Is Seongnam City has a blueprint for urban development that benefits citizens?

백종원 기자l승인2021.11.23

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▲ Land Owners and Residents Solidarity for Public Housing Development

PowerKorea hears from persons concerned

 

[Panels]

Jongwon Baek, Publisher of PowerKorea

Jeongoh Park, Former Deputy Mayor of Seongnam City

Chaegwan Im, President of Land Owners and Residents Solidarity for Public Housing Development

Sukwon Heon, CEO of Seoul Architect E&C and Vice President of Korea Land Development Professional Association

 

 

[Problems]

Baek:

What do you think are the problems regarding housing and urban development in the city? 

Park:

The city consists of the old town, 3 new towns and a number of developing sites. The original downtown has been fall behind of the new ones which means that it needed a fast remodeling. Bundang in particular has been 30 years old which also needs remodeling while Pangyo and Wirye are well known new towns that seem to have settled down. The problem is that the city is suffering from the gap between the rich and the poor as a result of these developments. In other words, residents in and round the old town have been feeling disadvantaged.

Heon:

In fact, the old town has been designated for remodeling and some parts are already under process. But it is important for the city to make sure that the benefits should go fairly and connecting the old town with the new towns is especially important.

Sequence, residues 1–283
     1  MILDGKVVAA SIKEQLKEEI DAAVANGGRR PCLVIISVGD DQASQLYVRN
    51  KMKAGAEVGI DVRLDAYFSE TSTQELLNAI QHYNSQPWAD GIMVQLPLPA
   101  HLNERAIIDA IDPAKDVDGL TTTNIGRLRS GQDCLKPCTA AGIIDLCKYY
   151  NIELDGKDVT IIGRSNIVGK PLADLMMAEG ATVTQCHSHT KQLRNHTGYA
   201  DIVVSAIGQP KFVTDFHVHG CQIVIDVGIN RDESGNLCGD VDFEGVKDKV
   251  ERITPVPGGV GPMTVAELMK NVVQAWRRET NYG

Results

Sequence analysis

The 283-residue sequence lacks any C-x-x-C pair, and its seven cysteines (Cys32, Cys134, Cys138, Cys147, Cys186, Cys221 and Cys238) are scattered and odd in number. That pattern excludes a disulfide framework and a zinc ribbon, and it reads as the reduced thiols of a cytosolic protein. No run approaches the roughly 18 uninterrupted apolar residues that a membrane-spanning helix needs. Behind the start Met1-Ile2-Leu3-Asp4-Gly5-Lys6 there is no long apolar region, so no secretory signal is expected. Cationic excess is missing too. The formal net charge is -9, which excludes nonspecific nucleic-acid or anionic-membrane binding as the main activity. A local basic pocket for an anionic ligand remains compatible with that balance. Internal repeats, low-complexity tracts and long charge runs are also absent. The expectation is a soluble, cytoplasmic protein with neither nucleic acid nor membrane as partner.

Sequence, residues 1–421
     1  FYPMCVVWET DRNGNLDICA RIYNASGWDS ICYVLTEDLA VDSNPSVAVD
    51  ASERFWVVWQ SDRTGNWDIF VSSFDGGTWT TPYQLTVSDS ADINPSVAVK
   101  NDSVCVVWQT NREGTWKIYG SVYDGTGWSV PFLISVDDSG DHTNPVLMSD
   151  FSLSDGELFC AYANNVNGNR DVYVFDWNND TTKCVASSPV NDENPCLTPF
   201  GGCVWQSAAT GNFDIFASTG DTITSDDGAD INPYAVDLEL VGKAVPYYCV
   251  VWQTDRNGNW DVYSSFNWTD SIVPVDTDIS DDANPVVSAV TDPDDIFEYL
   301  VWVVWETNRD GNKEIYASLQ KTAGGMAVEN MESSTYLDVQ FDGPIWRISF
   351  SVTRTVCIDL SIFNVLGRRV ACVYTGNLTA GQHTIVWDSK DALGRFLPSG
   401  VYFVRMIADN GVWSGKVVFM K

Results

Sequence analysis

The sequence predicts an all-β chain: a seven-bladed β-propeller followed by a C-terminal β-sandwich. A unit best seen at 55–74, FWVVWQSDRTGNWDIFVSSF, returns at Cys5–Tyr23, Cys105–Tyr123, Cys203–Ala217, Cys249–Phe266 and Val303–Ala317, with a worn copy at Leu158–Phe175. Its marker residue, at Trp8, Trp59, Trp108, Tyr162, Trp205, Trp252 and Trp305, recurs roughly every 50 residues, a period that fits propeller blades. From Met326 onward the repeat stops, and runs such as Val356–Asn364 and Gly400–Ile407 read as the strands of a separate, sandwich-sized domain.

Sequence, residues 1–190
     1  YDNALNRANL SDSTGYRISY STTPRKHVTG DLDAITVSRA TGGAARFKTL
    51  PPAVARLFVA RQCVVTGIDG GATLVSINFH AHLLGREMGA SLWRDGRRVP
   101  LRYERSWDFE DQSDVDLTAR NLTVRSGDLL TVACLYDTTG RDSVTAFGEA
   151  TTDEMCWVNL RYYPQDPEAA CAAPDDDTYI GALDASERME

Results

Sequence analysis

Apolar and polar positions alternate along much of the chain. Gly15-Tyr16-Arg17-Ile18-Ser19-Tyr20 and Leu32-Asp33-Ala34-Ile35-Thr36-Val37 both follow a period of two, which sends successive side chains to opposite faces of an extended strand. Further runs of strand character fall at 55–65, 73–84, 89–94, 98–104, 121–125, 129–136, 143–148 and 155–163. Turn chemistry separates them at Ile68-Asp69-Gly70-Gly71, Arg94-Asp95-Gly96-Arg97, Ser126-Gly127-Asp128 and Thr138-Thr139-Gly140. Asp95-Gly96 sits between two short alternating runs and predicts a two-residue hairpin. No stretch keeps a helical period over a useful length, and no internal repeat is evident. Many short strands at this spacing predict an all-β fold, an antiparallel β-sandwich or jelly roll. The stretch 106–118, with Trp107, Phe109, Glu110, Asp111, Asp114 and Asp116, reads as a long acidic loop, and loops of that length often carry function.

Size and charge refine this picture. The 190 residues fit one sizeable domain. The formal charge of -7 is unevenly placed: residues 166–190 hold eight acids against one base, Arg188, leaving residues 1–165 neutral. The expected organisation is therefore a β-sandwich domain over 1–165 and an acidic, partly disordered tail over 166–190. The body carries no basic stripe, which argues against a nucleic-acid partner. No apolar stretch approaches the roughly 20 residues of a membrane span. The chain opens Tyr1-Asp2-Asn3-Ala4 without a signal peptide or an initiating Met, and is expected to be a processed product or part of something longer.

Im:

I want to point out that the public housing projects run by the LH (Korea Land & Housing Corporation) have compensated native residents far less than they deserved. The projects must serve for citizens by hearing their needs and wants rather than used as a means to make money by some people in the advantageous positions.  

 

 

[Bundang]

Baek:

Budang is the 30 year old first phase new town and talks on remodeling have been ongoing. What are your opinions?

Heon:

It is highly possible that this area would decide how other new towns are remodeled in the future. In other words, the remodeling plan of Bundang will be used as a reference of other new towns. Citizens in the area are considering both possibilities of rebuilding and remodeling and some zones are already under remodeling. 

Park: